That being said, history is unlikely to repeat itself with the Singapore-Germany travel bubble, owing to the advancement of Singapore’s and Germany’s Covid-19 vaccination rate, at 74 per cent and 58 per cent of each country’s population. This travel bubble will allow travellers from both countries to enjoy leisure travel without needing quarantine or stay-home notice (SHN).
If you’re reading this, you’ve probably completed your course of (vaccine, not tequila) shots, and you’re probably bored of taking the same old staycations or daycations. It’s time to relive the thrill of takeoff, the appreciation for different scenery and people!
When will Singapore & Germany’s travel bubble commence?
The Singapore-Germany travel bubble, or Vaccinated Travel Lane (VTL), will start on Sept 8, 2021, according to a SafeTravel news release from ICA. This means Singapore citizens and permanent residents (PRs) can just fly to and from Germany without having to quarantine or serve SHN in either country from that date onwards.
Who is allowed to travel between Singapore & Germany’s travel bubble?
Under the VTL, Singapore citizens and PRs will be able to travel unrestricted between both countries. This means that you do not have to quarantine, serve SHN or follow a restricted itinerary.
Germany has been allowing Singapore citizens and PRs unrestricted entry since June 25, 2021, and now Singapore is simply doing the same.
There are a few caveats though. If you’re not a Singapore citizen or PR but you’ve completed your vaccination course, and you’re travelling to Germany, you will need to apply for a Vaccinated Travel Pass (VTP). Applications open on Sept 1, 2021.
What are the requirements to travel between Singapore & Germany?
Here is a summary of what you need to travel to Germany as a Singaporean or PR:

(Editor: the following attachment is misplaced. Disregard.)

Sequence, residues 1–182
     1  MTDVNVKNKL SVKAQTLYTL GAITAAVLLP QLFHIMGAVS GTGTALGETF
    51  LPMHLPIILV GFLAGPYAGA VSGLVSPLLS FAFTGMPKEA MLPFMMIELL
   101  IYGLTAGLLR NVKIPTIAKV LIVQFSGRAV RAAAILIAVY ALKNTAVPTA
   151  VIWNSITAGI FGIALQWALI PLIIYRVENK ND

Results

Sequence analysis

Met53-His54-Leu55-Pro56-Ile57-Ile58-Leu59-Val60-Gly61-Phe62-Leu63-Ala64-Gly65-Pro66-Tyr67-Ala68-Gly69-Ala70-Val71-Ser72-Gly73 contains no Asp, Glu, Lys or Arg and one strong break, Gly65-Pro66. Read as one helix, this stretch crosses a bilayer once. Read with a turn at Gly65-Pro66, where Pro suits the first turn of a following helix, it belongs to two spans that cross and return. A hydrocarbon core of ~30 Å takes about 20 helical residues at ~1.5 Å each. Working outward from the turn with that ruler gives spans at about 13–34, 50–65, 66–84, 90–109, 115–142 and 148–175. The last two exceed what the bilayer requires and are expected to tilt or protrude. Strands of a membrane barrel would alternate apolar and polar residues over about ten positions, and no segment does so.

1. Preparing for your trip
Before you fly, you’ll need to be in Singapore for the past 21 days. Not an issue since borders are closed.
Check for travel requirements into Germany here. You are considered vaccinated only if you have one of Germany’s accepted vaccines: only Pfizer, Moderna and AstraZeneca are accepted. More info here.
Do not rely on your TraceTogether app to get you through Germany’s border control! Print or save PDF your vaccine certificate from National Immunisation Registry or HealthHub App.
Your Covid-19 vaccine certificate should include the following details:
- Particulars of the person vaccinated
- Date & number of vaccinations
- Name of vaccine used
- Seal of authentication
2. Booking your flights
You will need to book a designated VTL flight from Singapore Airlines or Lufthansa.
Your flight to Germany can be any direct flight. If you book a transit flight, then you will void the 21 consecutive days in Singapore or Germany requirement.
Your return flight to Singapore needs to be a designated VTL flight with the following flight numbers:
- Singapore Airlines: SQ325 or SQ 331
- Lufthansa: LH778
At time of writing, return trips start from $970. This price might spike up due to ravenous demand!
ALSO READ: Bubble bursts: Singapore, Hong Kong end travel bubble idea due to different approaches to Covid-19
3. Pre-departure testing & check-in
Before you depart Singapore (up to 72 hours before flight to Germany), you need to arrange for a PCR test at your chosen clinic. Self-test kits are not allowed.
When arranging for your PCR test, bring your IC & Passport, and prepare your flight booking reference with flight departure details. Then you have to go back and collect your test results when they are ready.